Friday, January 25, 2008
Having nothing to do with politics: A. E. van Vogt and why you should read him
Nothing in today's world is as out of date as a dead science fiction writer who stopped publishing in the late 1980s when Alzheimer's struck him. The technology in his stories is out of date, his futures have been superseded, and unless someone picks him up for a classic reprint, he's relegated to eBay and the second-hand bookstores.
I mean, look at him--even the suit is cheesy.
But I want to make the case that you should go out and find, and then read reverently, some of the best (and even some of the worst) of A. E. van Vogt's work.
The beginning of modern science fiction is generally traced not to the appearance of the first story by Isaac Asimov or Robert Heinlein, but to the appearance of Van Vogt's Black Destroyer in John W. Campbell's Astounding during the summer of 1939. This story would later become a major inspiration for Ridley Scott's Alien movies.
Within a few years Van Vogt would establish himself as one of the titans of science fiction, with his most-remember creations being Slan [which has recently had a posthumous sequel--Slan Hunter by Kevin J. Anderson--crafted from Van Vogt's notes]; a classic Libertarian story The Weapon Shops of Isher [voted by the Science Fiction Writers of America as one of the best twenty SF stories of all time back in the 1970s]; and his Null-A trilogy, loosely based on the concepts of General Semantics.
Oddly, none of those--with the possible exception of the first Null-A books is among my favorites, primarily because they are all too ... polished.
Van Vogt wrote based on an obscure system that required him to break every story into 800-word scenes, and to literally try to send you on some kind of plot twist at the end of each scene. He would set his alarm clock at night to wake him up at odd hours, then scribble down what he could remember of his current dream (having gone to sleep with the conscious injunction to think about the plot he was working on), so that he could incorporate that into the next scene.
Then there were the fix-up novels. Having specialized in short stories and novelettes in the early 1940s, Van Vogt gave up writing for a time (wherein he partnered with L. Ron Hubbard at the start of the Scientology movement), but then suddenly needed money. Paperback novels were just coming into play in the early 1950s, so Van Vogt--instead of writing new novels--just apparently randomly gathered together bunches of old short stories and novelettes, fixing them up into short novels of about 60,000 words.
The results were not surprisingly ... uneven.
But that's Van Vogt. You don't read him because all the plot elements get neatly tied up at the end, because sometimes he throws in so many ideas that only a gigantic sleight of hand, complemented by scientific mumbo-jumbo, can bring the story to an end.
Along the way, however, you will find brilliant characterization, incredible investigations of the nature of consciousness, deeply layer future societies, and some of the most interesting aliens you'd ever want not to be eaten by.
By the late 1950s Van Vogt had started writing original works again (including collaborations with James Schmitz and Harlan Ellison), but a lot of people thought he was past his prime, and that his later work couldn't hold a candle to the earlier (somewhat like Robert Heinlein when you think about it). I disagree. There are absolute pieces of brilliance in The Darkness at Diamondia, The Anarchistic Colossus, Future Glitter, and Cosmic Encounter.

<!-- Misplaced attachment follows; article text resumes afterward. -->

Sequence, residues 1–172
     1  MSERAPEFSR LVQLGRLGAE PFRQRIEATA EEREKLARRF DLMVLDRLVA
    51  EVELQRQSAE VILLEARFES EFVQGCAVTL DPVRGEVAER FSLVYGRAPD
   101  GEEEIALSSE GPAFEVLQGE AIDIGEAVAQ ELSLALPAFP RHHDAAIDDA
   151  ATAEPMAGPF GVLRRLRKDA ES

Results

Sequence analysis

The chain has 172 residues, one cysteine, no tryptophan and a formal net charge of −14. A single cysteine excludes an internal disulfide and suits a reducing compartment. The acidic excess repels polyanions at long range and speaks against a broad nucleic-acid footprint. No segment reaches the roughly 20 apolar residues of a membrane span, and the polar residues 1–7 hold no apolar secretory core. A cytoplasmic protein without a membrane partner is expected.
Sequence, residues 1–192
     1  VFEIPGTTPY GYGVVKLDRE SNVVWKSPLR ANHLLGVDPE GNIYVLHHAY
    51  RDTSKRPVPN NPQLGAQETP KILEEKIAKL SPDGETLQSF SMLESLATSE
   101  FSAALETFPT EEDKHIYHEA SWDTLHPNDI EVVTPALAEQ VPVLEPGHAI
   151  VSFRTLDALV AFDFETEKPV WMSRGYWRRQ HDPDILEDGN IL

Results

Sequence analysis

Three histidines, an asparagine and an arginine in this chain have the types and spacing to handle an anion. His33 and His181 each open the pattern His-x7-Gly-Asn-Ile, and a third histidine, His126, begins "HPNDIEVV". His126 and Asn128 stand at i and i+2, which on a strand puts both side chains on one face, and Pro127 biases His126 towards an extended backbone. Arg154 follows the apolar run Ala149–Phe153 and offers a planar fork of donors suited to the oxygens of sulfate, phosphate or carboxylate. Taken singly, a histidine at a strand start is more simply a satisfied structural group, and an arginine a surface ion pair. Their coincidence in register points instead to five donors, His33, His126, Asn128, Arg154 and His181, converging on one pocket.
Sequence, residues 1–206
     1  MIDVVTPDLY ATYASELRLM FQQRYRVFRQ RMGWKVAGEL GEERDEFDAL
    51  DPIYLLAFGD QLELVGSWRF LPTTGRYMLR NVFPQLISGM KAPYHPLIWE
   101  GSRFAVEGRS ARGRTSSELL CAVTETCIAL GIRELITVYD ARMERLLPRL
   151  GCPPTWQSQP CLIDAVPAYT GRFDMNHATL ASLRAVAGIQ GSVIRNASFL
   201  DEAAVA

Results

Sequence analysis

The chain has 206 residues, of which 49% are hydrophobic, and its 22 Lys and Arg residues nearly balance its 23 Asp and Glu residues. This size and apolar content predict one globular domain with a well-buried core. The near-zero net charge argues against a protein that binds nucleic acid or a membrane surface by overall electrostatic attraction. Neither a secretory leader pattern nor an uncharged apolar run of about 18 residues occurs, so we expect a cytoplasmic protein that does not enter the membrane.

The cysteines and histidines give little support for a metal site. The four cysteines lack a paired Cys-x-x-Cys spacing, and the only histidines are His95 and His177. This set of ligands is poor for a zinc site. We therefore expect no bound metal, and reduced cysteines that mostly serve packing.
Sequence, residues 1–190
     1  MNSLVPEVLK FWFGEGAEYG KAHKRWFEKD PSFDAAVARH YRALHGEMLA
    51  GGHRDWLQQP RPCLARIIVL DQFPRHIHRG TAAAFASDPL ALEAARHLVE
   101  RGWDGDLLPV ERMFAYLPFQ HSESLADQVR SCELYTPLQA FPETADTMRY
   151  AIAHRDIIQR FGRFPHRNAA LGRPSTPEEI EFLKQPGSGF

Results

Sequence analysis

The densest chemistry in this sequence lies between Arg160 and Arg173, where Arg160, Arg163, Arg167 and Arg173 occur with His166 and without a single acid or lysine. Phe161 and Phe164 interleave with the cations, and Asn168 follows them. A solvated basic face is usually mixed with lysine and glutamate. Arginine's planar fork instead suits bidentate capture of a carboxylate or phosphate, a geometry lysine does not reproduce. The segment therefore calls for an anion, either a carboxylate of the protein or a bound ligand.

One of Van Vogt's least know works is a novel called The Violent Man, a non-SF story of an American held in a Chinese brainwashing experiment in the late 1950s or early 1950s. If you can get past the fact that every woman in the Orient seems to want to fall into the sack with our anti-hero, it is one of the most amazing books on conditions in Maoist China every written.
Baen Books has just republished a bunch of short stories and novelettes in a trade paperback collection entitled Transgalactic, but I don't think it represents Van Vogt's best work (although at that it's pretty damn good).
I can't give you an order in which to read his books, because finding them is becoming progressively more difficult.
But here are my favorites:
Cosmic Encounter Late; hard to find; aliens vs Elizabethan pirates along with multiple timelines and the collapse of the universe into its original constituent atom (no kidding).
Future Glitter Simply the most amazing treatment of a world-wide Stalinist totalitarian state you will ever read.
The Anarchistic Colossus The Fleet went out and beat the aliens and came home (but not really, the aliens just messed with their minds) and now an Earth with no government is about to be invaded, except that.... Naw, I'm not telling.
Earth's Last Fortress [also as Masters of Time] A recruiting station for a future war is opened in the present--but is it by the bad guys or the good guys?
The Man with a Thousand Names Forget the plot, which involves body transmission between the stars and other improbabilities; the thing about this story is that the main character is completely unlikeable, never becomes likable, and yet Van Vogt manages to make you empathize with him and eventually root for him.
Supermind, Quest for the Future, and The Universe Maker are all fix-ups in which--at times--come completely apart. The characterizations are so deft and the ideas so intriguing that you won't care that the last third of the plot makes no sense.
No links except this--to the best A E Van Vogt site on the Net. (It was just updated last week--this guy cares about his material).